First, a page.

A claim for an order that the Respondents shall acknowledge that the Uranium Act is not applicable to Greenland Minerals’s exploration licence or exploitation licence application;

A claim for an order that the Respondents shall acknowledge that they have jointly, or the Greenland Government has individually, breached Greenland Minerals rights and legitimate expectations.

The arbitral proceedings involve both the Danish and Greenlandic Governments as the 2007 mining licence was granted before competence over minerals was devolved. GM provisionally quantifies its claim for damages to USD 7.5 billion, plus USD 4 billion in pre-award interest at the rate prescribed under Danish law.

According to the procedural timetable, the Respondents had to file their statement of defence on 8 January 2024.

GM has invoked both Danish and public international law as the governing frameworks for resolving the dispute. Similarly, Greenland has referenced decisions from investor-state arbitration in their statement of claim (paras 956 et seq). This raises the question of whether the arbitrators will be amenable to draw upon relevant international law, alongside the contractual provisions, in the award. In this regard it should be noted that Denmark has only entered into a bilateral investment treaty with China, although this has not been invoked.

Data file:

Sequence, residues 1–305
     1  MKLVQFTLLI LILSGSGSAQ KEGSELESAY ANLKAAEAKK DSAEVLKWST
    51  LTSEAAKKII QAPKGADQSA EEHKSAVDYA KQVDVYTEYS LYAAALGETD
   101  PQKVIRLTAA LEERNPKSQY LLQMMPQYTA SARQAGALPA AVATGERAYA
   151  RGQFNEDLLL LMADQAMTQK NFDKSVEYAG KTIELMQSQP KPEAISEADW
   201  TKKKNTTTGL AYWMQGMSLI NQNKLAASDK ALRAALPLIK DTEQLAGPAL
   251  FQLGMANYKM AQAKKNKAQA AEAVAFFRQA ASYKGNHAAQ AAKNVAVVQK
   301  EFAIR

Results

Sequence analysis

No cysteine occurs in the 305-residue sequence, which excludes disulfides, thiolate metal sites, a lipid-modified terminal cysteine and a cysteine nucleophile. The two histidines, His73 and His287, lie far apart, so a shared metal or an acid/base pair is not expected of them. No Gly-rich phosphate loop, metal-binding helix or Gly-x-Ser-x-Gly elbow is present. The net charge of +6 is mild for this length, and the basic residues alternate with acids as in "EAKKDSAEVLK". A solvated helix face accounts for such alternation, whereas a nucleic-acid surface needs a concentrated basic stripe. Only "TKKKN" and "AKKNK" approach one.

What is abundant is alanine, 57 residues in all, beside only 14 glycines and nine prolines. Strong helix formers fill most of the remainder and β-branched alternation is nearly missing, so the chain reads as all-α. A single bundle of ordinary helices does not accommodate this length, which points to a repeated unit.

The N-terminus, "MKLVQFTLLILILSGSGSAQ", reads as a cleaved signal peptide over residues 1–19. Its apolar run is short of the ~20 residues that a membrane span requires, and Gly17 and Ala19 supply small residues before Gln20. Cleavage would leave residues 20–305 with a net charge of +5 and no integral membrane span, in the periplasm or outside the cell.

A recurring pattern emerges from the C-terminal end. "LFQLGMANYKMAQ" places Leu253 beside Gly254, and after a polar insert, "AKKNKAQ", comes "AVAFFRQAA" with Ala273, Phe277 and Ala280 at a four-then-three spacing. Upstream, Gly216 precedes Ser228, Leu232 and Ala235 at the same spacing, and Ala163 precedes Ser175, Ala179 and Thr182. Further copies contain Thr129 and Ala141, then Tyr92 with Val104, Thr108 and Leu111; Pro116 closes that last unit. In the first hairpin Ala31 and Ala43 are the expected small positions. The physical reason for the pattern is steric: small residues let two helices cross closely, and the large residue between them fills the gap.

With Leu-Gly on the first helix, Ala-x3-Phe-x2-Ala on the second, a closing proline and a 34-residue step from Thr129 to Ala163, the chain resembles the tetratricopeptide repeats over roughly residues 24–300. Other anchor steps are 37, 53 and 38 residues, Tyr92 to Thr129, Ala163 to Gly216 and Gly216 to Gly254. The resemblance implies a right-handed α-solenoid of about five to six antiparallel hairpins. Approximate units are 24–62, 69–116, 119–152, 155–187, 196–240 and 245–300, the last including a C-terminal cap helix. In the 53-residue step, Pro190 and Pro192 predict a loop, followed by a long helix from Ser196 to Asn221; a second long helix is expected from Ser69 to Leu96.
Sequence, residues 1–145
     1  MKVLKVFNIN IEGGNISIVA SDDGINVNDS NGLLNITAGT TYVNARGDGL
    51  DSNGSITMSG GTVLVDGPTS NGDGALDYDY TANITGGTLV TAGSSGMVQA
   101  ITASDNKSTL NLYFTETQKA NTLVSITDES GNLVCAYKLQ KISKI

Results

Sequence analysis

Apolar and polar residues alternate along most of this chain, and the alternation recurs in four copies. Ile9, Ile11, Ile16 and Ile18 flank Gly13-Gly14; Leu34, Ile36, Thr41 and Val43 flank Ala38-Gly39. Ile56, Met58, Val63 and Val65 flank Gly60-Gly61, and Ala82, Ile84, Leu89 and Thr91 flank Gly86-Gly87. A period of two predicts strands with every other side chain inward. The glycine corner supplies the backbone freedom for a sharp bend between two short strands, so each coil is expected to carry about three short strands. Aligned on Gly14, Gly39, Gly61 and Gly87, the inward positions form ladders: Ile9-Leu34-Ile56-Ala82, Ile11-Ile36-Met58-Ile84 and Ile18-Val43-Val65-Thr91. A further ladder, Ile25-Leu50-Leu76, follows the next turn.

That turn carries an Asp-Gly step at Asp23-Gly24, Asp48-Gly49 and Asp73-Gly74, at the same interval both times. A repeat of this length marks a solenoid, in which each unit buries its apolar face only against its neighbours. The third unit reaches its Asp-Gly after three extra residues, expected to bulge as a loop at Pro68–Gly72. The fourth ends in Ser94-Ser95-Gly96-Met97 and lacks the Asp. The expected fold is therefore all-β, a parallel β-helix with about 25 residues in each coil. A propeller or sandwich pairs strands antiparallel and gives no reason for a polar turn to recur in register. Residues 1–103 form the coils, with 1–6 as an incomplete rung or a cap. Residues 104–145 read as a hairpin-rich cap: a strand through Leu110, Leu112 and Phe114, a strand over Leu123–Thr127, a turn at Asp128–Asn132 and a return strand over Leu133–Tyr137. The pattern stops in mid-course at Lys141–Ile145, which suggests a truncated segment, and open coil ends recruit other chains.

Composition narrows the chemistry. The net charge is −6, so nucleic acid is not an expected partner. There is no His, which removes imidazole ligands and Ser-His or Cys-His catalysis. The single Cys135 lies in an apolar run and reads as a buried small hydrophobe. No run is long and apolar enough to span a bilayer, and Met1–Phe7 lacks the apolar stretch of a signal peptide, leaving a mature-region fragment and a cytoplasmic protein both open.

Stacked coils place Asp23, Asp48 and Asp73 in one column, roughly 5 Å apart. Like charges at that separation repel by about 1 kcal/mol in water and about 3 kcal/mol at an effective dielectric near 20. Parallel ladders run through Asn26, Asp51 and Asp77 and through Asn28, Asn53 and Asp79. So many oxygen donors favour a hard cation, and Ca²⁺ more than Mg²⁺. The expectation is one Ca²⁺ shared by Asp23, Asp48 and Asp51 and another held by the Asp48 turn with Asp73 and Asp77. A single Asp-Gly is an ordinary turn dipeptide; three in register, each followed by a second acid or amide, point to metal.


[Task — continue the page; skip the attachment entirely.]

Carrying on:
A Broader Perspective

Numerous countries have either halted or suspended the development of extractive projects deemed environmentally and socially hazardous. Measures include terminating contracts, revoking licences, or amending legislation making extraction more burdensome. A great deal of these cases has been triggered by rejected or terminated environmental licences, as well as the pressure of local communities who felt their livelihoods were threatened either through contamination or displacement. Like in Kvanefjeld, such measures have often resulted in litigation.

Relevant international arbitral awards are fact specific, occasionally appearing contradictory. In some cases, tribunals have recognised the right to regulate to protect the environment, health and safety, while in others, tribunals found a breach of the investment treaty or a contractual obligation. Notably, there are only a few instances where investors have been compensated for both actual losses and expected profits (See Report prepared by IISD). And so far, few high income States have ever been found in breach of its international investment agreements.